Human adipose-derived stem cells for the treatment of chemically burned rat cornea: preliminary results.

Abstract Purpose: Adipose-derived stem cells (ADSC) are multipotent, safe, non-immunogenic and can differentiate into functional keratocytes in situ. The topical use of ADSC derived from human processed lipoaspirate was investigated for treating injured rat cornea. Methods: A total of 19 rats were used. Six animals initially underwent corneal lesion experiments with 0.5 N NaOH (right eye) and 0.2 N (left). The 0.2 NaOH protocol was then used in 13 rats. All 26 eyes of 13 rats eyes received topical azythromycin bid for 3 d and divided into five treatment groups (n = 5 eyes/group), which included: control, stem cells, serum, stem + serum and adipose (raw human lipoaspirate). The four treatment groups received topical treatment three times daily for 3 d. Stem cells were isolated and harvested from human lipoaspirate. Topical eye drops were prepared daily with 1 × 10cells/treatment. Fluorescein positive defect area and light microscope assessment was performed at 20, 28, 45, 50 and 74 h. Animals were sacrificed at 74 h for histological evaluation. Data were statistically analyzed for differences amongst groups. Results: The stem cell-treated eyes had significantly smaller epithelial defects at each time point compared to control- and adipose-treated eyes (p < 0.05). This group showed slightly better epithelium healing than the serum and combined group, yet not significantly different. Histology showed that stem cell-treated corneas had complete re-epithelization, with less inflammatory cells and limited fibroblast activation structure compared with the control eyes. Conclusions: Our preliminaryresults show that topical treatment with ADSC seems to improve corneal wound healing. >>

In search of new targets for retinal neuroprotection: is there a role for autophagy?

Autophagy is a highly conserved catabolic pathway in which proteins and organelles are engulfed by vacuoles that are targeted to lysosomes for degradation. Defects in the autophagic machinery have been described in several neurodegenerative diseases uncovering the tight dependency of neuronal survival on the efficiency of the autophagic process. Despite the large amount of literature investigating autophagy in a number of pathological conditions our knowledge of its role in glaucoma neurodegeneration is just beginning. However, recent experimental data revealing thatautophagy modulation occurs in retinal ganglion cells (RGCs) under glaucoma-related stressing conditions support the hypothesis that dysfunctionalautophagy might underlie the process leading to RGC death. Although our understanding of the role of autophagy in glaucoma is still developing, there is the possibility that neuroprotection may be achieved by modulating autophagy. This would be a promising approach as it could lead to the much-sought development of alternative therapeutic strategies to prevent visual loss in glaucoma. >>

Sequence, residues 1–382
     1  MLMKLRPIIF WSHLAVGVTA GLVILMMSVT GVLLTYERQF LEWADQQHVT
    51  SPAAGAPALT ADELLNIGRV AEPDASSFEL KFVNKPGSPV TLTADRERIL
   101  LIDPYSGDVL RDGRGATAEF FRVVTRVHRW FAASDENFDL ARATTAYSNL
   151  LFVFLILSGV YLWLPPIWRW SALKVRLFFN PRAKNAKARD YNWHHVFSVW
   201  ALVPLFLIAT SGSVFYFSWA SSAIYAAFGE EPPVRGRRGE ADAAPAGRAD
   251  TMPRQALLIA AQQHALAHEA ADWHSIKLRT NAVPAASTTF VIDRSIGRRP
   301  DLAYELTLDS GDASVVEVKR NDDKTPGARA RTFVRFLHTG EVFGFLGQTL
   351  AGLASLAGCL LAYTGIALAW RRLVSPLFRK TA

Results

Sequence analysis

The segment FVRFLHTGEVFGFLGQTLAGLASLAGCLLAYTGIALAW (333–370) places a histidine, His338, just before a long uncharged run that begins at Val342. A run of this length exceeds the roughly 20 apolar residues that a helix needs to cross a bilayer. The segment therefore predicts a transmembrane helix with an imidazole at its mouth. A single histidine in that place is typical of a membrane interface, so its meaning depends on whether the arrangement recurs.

Brain involvement in glaucoma: advanced neuroimaging for understanding and monitoring a new target for therapy.

On the basis of a large body of experimental data the notion that glaucoma damages retinal ganglion cells and central areas of the visual system has been put forward. The mechanisms underlying glaucomatous involvement of the central areas are not known: the most likely hypothesis is that this event is the result of an anterograde transynaptic neurodegeneration triggered by ganglion cells' death. However, it is possible that in some cases it may be the consequence of a neurodegenerative disease of the central nervous system. In any event, novel mechanisms leading to cell demise might be implicated. The development of powerful neuroimaging techniques in conjunction with sophisticated analysis has recently provided compelling support to the involvement of central stations of the visual pathway in patients suffering of glaucoma. Diffusion Tensor-MRI allows the central damage associated with glaucoma to be assessed and therapeutic efficacy of novel neuroprotective interventions to be quantified. >>

Identification of novel pharmacological targets to minimize excitotoxic retinal damage.

Excitotoxic neuronal death is a common feature of neurodegenerative and ischemic diseases of the central nervous system (CNS) and of a variety of ocular diseases, including glaucoma. Glaucoma, one of the leading causes of blindness in the world, is characterized by a progressive degeneration of retinal ganglion cells (RGCs) and their axons and is often associated with elevated intraocular pressure (IOP). Retinal ischemia/reperfusion induced by experimental elevation of IOP leads to damage and loss of RGCs. Under these conditions, structural, functional, and biochemical changes implicate the accumulation of extracellular glutamate and activation of the excitotoxic cascade. Beside the activation of associated pathways, death of RGCs is accompanied by impaired endogenous defenses, such as the PI3K/Akt prosurvival pathway. Original neurochemical and pharmacologicalevidence are discussed here to strengthen the role for excitotoxicity in RGCs death occurring in experimental, angle closure, glaucoma in conjunction with the discovery of novel molecular targets to potentiate endogenous prosurvival defenses in the glaucomatous retina. >>